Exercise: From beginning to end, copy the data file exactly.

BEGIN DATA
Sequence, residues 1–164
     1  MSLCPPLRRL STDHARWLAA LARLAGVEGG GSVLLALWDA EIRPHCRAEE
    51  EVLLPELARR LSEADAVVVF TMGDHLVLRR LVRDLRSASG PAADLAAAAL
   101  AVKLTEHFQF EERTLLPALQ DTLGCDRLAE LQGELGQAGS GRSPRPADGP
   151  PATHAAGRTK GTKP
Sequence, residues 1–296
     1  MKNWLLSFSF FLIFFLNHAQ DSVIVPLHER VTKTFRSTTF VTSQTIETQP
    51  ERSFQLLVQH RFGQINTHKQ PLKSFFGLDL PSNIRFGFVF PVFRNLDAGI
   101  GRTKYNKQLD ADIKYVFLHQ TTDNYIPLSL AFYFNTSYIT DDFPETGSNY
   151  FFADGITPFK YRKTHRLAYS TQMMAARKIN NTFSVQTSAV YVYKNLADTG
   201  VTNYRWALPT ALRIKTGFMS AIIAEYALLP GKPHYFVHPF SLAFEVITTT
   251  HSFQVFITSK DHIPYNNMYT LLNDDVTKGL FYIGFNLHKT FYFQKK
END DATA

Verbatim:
Sequence, residues 1–164
     1  MSLCPPLRRL STDHARWLAA LARLAGVEGG GSVLLALWDA EIRPHCRAEE
    51  EVLLPELARR LSEADAVVVF TMGDHLVLRR LVRDLRSASG PAADLAAAAL
   101  AVKLTEHFQF EERTLLPALQ DTLGCDRLAE LQGELGQAGS GRSPRPADGP
   151  PATHAAGRTK GTKP
Sequence, residues 1–296
     1  MKNWLLSFSF FLIFFLNHAQ DSVIVPLHER VTKTFRSTTF VTSQTIETQP
    51  ERSFQLLVQH RFGQINTHKQ PLKSFFGLDL PSNIRFGFVF PVFRNLDAGI
   101  GRTKYNKQLD ADIKYVFLHQ TTDNYIPLSL AFYFNTSYIT DDFPETGSNY
   151  FFADGITPFK YRKTHRLAYS TQMMAARKIN NTFSVQTSAV YVYKNLADTG
   201  VTNYRWALPT ALRIKTGFMS AIIAEYALLP GKPHYFVHPF SLAFEVITTT
   251  HSFQVFITSK DHIPYNNMYT LLNDDVTKGL FYIGFNLHKT FYFQKK